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Government backs ‘revolution to recycle’ buildings

As part of the Government’s empowerment agenda, Blears has announced a new single advice line – 0845 345 4564 – and other Government support to make it easier for people to take control of community assets, from community centres to theatres.

Driving this revolution in the public sector, there are a range of options for local councils to give people real power including handing over buildings as a gift to a community group, selling at below market price, or keeping the building off the market while a local project develops their plans and secures the funding.

Already, there are estimated to be more than £1billion worth of buildings under community control – with some agreements dating back to the 1970s.

But from now on, taking on a local building should become easier. As well as a new single national advice line for anyone wishing to find out how to do it, Blears highlighted key projects that have set the standard – including Coin Street Community Builders in London and the Goodwin Development Trust in Hull – that anyone wishing to do it could learn from.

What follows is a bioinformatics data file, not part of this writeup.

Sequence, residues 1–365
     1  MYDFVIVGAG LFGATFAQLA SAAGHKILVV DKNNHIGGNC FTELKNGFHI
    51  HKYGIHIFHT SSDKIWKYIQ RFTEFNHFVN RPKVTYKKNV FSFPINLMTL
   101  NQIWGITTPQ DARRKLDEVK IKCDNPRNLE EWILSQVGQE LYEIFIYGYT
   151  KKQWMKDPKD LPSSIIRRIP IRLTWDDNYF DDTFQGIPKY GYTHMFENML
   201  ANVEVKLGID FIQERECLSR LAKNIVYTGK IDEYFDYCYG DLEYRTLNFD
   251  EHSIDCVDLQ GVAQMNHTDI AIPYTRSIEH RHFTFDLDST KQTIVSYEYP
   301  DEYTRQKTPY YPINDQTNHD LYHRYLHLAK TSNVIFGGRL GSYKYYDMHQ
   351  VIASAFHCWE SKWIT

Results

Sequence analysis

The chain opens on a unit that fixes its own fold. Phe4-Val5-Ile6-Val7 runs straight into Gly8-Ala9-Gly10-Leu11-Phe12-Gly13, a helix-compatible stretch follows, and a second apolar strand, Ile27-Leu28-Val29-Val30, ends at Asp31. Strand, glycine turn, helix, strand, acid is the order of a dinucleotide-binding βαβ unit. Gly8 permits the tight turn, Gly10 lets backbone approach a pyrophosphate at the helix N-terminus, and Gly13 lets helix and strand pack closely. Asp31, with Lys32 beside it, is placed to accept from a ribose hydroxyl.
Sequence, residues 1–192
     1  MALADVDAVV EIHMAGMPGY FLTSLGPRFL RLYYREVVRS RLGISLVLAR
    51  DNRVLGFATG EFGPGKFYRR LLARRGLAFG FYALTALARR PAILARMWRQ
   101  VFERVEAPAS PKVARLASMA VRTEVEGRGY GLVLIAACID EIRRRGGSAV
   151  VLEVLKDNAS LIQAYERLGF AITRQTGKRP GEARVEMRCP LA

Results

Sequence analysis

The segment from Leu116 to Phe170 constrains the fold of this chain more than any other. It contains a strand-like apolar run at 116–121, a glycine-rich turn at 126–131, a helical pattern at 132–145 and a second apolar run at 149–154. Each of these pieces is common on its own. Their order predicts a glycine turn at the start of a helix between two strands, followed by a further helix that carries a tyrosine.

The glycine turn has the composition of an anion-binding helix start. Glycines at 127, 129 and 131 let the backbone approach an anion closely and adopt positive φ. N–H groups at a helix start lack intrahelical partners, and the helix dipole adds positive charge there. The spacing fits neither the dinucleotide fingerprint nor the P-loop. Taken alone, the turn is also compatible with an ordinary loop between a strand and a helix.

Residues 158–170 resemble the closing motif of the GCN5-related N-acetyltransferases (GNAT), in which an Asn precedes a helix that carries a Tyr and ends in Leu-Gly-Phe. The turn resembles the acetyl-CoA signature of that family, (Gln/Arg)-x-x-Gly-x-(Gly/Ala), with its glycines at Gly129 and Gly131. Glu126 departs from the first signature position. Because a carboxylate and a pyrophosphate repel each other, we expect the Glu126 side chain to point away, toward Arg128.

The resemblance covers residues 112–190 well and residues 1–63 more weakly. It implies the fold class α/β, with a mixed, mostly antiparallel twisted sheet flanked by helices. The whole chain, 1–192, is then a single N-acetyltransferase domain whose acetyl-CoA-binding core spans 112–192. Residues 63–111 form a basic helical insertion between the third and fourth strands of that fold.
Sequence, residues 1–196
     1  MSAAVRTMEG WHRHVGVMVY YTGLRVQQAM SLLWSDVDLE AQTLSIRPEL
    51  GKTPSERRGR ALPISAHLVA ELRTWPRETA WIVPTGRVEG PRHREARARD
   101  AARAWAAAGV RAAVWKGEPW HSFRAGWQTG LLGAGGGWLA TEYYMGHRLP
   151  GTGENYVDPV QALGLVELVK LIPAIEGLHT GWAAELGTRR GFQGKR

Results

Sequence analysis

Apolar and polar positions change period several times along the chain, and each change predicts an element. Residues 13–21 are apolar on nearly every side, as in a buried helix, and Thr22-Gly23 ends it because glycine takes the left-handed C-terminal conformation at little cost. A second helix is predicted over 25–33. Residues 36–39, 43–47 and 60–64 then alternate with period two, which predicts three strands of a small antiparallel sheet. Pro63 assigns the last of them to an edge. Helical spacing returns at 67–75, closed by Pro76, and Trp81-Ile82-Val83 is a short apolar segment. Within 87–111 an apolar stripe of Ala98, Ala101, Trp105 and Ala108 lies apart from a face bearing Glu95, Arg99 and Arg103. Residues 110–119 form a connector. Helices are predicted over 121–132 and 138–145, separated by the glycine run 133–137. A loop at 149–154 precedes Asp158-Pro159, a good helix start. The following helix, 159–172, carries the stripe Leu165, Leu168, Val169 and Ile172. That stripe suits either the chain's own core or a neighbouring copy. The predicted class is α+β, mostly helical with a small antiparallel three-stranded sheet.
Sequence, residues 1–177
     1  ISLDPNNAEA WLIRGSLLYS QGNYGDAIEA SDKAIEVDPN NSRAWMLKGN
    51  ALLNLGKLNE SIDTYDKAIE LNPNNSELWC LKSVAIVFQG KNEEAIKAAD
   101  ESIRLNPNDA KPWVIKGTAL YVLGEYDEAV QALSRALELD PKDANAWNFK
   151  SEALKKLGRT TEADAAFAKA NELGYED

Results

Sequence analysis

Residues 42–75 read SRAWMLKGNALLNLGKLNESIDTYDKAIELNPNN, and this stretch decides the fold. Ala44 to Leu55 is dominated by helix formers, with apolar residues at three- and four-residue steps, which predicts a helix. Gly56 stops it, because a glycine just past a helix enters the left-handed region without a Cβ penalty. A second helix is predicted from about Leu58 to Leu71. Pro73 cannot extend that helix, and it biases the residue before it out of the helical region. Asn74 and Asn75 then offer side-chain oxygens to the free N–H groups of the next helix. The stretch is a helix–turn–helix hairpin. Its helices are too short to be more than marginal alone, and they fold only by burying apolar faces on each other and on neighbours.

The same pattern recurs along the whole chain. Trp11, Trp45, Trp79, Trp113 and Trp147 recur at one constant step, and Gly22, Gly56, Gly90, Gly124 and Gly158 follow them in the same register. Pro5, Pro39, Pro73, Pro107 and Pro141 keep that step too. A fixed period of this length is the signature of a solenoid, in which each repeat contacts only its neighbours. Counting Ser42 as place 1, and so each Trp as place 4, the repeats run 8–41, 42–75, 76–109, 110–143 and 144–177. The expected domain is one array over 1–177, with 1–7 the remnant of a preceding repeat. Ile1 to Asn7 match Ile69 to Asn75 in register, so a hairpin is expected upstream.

A new Asset Transfer Unit will give local people the information they need to get through any planning, legal and financial barriers.

Blears said: "Local people have been leading a revolution to recycle buildings for the community, particularly during the downturn.

"We want to help more local people get their hands on local buildings so they can put them to work for the community. For too long, too many have not even seen it as an option. And when they have it has felt like an endurance test.

"We want to change the odds in their favour, and for them to know that taking the first step could be a simple phone call. From today the national advice line, backed by experts at local and national level who have been there and done that, can help guide people through the financial, legal and planning barriers.

"It is more achievable than people think to recycle a building."
This ownership of local public buildings typically involves community centres, former schools or old town halls. But it doesn’t stop there – other projects being developed include theatres, a cattle market, a medieval barn and a former toilet block.

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